With luck, you'll never have to worry about Active Directory's (AD's) innards—every domain controller (DC) will replicate smoothly to every other DC. But should AD ever act oddly, you'll need tools to help diagnose the problem. The Microsoft Windows 2000 Server Resource Kit includes one such tool: repadmin.exe.

Repadmin can determine which machines a given DC replicates with. In domains of six or fewer DCs, the DCs form a bidirectional ring for replication, so every DC in the ring has a partner to its "left" and its "right." (More than six DCs leads to a more complex mesh structure.) To identify those partner DCs, type

repadmin /showreps <DCname>

where DCname is the DNS name of the DC whose partners you want to know. You'll get some fairly lengthy output—Figure 1 shows an excerpt.

Figure 1's DSA Options line tells you that this server is a Global Catalog (GC) server. The objectGuid line identifies the DC by its globally unique ID (GUID) rather than its DNS name. (If you ever need to find a DNS name from a DC's GUID, open the Forward Lookup Zones folder in the Microsoft Management Console—MMC—DNS snap-in. In the folder for your AD domain, open the _msdcs folder. For each DC in the domain, you'll see a record that contains the DC's GUID and DNS name.) Repadmin also documents the most recent replication attempts. Figure 1 shows that the DC successfully replicated to both its partners the last time that it tried.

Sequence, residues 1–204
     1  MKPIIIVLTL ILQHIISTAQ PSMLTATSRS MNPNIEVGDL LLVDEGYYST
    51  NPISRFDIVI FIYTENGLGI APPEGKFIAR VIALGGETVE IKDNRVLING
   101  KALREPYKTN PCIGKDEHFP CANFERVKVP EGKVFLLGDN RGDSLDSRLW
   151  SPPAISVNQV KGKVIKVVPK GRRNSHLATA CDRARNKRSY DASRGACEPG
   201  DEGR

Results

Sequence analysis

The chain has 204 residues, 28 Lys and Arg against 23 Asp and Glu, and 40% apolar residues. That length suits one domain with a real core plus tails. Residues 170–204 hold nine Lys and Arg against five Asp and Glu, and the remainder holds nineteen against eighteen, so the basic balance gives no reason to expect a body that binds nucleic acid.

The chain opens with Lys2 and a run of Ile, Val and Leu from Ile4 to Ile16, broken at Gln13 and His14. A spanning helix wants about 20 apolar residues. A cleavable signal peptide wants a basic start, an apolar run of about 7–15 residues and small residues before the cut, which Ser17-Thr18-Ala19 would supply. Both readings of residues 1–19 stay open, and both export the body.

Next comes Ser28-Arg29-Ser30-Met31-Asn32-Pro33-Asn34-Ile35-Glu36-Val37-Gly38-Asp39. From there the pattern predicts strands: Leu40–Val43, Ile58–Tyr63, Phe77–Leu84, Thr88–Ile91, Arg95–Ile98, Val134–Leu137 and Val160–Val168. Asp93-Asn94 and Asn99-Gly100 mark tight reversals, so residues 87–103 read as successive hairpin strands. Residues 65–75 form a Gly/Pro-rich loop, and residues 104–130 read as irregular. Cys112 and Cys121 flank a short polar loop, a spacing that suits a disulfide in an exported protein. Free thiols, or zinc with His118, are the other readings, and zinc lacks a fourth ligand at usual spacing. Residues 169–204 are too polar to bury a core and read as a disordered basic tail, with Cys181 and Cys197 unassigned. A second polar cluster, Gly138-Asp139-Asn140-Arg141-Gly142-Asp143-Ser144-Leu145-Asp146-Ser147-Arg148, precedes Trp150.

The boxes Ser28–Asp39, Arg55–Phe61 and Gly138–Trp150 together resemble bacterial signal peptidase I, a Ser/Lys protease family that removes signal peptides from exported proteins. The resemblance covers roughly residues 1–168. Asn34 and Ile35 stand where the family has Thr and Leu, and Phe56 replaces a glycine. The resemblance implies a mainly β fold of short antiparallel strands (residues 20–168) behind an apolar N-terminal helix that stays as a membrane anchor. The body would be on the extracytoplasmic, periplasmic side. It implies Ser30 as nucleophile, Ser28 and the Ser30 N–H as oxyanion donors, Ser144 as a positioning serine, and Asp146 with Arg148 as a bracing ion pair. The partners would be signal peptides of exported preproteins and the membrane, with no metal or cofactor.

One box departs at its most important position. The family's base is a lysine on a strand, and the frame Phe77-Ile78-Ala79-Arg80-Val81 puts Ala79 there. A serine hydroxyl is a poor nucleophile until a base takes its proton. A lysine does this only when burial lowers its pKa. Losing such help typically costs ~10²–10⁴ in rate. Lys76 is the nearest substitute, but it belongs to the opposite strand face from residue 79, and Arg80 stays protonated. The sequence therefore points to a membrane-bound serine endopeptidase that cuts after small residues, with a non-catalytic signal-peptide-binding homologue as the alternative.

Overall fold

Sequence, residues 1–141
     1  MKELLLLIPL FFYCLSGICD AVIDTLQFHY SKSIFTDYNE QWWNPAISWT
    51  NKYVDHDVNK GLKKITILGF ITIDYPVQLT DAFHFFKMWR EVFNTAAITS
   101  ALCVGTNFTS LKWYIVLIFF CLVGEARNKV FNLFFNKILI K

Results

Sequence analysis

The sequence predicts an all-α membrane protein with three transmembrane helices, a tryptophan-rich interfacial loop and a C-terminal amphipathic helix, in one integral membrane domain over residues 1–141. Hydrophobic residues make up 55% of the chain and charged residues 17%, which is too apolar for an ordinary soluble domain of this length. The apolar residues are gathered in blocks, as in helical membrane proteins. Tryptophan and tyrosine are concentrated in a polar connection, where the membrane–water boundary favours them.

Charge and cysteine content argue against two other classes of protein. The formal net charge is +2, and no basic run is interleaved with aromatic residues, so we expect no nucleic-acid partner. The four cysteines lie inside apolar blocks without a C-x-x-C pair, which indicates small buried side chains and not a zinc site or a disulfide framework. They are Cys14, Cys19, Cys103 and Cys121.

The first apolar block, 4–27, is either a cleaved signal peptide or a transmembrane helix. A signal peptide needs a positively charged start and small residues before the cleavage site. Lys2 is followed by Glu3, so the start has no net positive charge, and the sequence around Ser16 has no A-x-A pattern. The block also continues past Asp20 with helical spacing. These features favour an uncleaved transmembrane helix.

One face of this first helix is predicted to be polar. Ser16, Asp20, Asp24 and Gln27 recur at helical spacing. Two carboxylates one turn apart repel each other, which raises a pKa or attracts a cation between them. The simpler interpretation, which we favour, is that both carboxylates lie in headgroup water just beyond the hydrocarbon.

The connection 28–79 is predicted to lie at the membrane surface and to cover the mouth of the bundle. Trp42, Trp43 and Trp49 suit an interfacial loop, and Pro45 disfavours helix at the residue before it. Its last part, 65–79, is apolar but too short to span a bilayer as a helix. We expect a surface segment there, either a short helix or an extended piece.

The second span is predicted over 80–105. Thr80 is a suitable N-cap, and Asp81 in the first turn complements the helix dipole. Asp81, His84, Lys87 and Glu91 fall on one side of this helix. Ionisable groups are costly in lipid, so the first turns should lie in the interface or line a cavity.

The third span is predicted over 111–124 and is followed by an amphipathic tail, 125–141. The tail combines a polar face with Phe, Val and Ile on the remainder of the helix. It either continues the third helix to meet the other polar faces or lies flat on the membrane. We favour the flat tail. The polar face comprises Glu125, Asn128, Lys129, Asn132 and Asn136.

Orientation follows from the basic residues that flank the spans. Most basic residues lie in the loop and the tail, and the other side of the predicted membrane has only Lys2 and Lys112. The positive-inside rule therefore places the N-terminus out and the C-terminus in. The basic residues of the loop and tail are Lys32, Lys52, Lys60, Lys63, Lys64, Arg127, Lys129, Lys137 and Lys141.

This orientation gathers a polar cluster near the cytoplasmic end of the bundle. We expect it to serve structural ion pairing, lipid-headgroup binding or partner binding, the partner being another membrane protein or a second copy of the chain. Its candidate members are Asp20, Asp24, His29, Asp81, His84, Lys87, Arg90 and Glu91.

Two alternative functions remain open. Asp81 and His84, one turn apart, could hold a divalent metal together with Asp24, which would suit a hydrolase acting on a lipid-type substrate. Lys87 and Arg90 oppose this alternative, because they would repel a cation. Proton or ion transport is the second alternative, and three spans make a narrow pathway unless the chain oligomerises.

The complete output also includes basic forest information. The configuration naming context lists the domains, sites, and DCs in the forest. Naming context is Lightweight Directory Access Protocol (LDAP) terminology for "information that AD needs to replicate." Repadmin also provides the schema naming context—a list of the fields in the AD database. Finally, Repadmin lists the domain naming context—the actual user and machine accounts and any other information the AD stores.

By default, Repadmin reports on your DC's replication partners for all three naming contexts. To limit output to a specific domain's domain naming context, include the LDAP terminology for that naming context in the command

repadmin /showreps
<naming-context> <DCname>

To build the naming context, prefix each piece of the DNS name with dc=. So, to find out about the ds1.uptown.acme.com DC's replication partners, you'd type

repadmin /showreps dc=uptown,dc=acme,dc=com ds1.uptown.acme.com

I'll explore Repadmin further in upcoming columns.